Montenegro's territory measures 13,812 square km. (about the size of Connecticut) and its population numbers about 620,000.
Most of the country is covered by high and extensive mountain massifs intersected by river gorges and deep valleys. Larger lowland areas are to be found in the south, near the coastline.
The Montenegrin seacoast is a narrow strip of land running from Herceg-Novi to the Bojana river on the frontier with Albania. It is famed for its sandy beaches and abundant sub-tropical vegetation.
The high Dinaric mountains of Orjen, Lovcen and Rumija rise steeply from the sea, forming a magnificent background to the coastal strip, but a great obstacle to communications between the coastal and inland parts of Montenegro.
The Zeta plain in the area of Lake Skadar, together with the valley of the Zeta and the Niksic Polje, comprise the biggest lowland region of Montenegro and its most fertile area.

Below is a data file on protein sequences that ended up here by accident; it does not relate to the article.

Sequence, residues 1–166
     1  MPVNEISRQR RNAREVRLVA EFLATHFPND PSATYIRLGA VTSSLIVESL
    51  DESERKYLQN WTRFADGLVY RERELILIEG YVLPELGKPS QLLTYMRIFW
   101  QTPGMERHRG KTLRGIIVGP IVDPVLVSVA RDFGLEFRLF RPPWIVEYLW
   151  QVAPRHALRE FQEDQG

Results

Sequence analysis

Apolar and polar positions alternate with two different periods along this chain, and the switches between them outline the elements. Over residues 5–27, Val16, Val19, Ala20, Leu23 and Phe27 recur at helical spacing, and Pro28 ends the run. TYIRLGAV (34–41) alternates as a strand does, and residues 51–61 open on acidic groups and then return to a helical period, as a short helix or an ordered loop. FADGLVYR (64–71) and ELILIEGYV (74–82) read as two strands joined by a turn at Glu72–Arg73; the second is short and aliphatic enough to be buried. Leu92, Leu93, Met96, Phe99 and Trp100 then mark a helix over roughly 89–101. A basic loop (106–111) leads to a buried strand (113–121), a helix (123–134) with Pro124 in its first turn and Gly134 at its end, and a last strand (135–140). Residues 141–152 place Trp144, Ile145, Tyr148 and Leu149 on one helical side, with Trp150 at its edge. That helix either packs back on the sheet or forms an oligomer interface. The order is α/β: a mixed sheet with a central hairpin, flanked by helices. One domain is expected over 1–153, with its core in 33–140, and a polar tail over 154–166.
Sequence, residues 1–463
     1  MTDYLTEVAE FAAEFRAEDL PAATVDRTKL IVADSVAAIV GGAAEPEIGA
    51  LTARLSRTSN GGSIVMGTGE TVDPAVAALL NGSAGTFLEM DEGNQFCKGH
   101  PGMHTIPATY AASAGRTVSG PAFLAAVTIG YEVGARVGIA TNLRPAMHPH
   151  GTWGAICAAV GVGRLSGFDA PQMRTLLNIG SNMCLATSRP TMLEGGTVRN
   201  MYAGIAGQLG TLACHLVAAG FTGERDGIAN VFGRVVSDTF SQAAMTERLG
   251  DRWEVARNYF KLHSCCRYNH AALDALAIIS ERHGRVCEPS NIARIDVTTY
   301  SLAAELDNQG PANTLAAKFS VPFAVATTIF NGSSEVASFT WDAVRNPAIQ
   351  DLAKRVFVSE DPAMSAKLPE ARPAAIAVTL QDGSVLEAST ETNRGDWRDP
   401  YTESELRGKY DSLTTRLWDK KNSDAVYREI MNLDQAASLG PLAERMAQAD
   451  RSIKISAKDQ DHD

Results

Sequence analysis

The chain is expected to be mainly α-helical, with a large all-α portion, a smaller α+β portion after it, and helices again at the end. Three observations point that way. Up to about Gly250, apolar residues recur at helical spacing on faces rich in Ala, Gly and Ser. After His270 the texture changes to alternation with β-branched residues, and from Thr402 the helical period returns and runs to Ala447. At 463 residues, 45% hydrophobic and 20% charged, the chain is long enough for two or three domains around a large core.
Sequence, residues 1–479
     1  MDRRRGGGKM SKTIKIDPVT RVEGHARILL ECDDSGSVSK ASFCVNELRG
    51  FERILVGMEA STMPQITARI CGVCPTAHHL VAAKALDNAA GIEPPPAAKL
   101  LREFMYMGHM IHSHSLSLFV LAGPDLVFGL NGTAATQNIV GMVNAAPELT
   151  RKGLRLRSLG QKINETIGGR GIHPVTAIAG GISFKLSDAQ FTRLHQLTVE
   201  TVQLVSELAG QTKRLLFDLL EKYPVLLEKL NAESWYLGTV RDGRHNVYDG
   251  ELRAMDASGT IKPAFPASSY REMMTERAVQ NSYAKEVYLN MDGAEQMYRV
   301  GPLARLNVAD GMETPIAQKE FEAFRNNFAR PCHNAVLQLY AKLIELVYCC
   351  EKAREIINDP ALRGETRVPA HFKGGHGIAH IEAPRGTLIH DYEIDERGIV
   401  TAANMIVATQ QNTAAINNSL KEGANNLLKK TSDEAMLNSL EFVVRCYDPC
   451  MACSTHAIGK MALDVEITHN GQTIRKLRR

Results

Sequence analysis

North of this stretch the high limestone mountains of Durmitor, Komovi and Sinjajevina. The Moraca, Tara, Piva and Ceotina rivers and their tributaries have cut deep gorges through these mountains.
The rivers of Montenegro are swift with large drops in elevation and large volumes of water resulting from the high precipitation. They are exceptionally clear and unpolluted, suitable for rafting, fishing and other water sports.
Some have carved themselves spectacular canyons; those of the Tara, Piva and Moraca are up to 1200 m deep --- among the deepest in the world.
Lake Skadar, the largest lake in the Balkans, is over 40 km. long and on average 10 km. wide. Two-thirds belongs to Montenegro and one-third to Albania.
The old capital of Montenegro is Cetinje. Podgorica, Niksic, Pljevlja, Bijelo Polje, Berane, Kotor, Bar and Herceg-Novi are the larger urban settlements.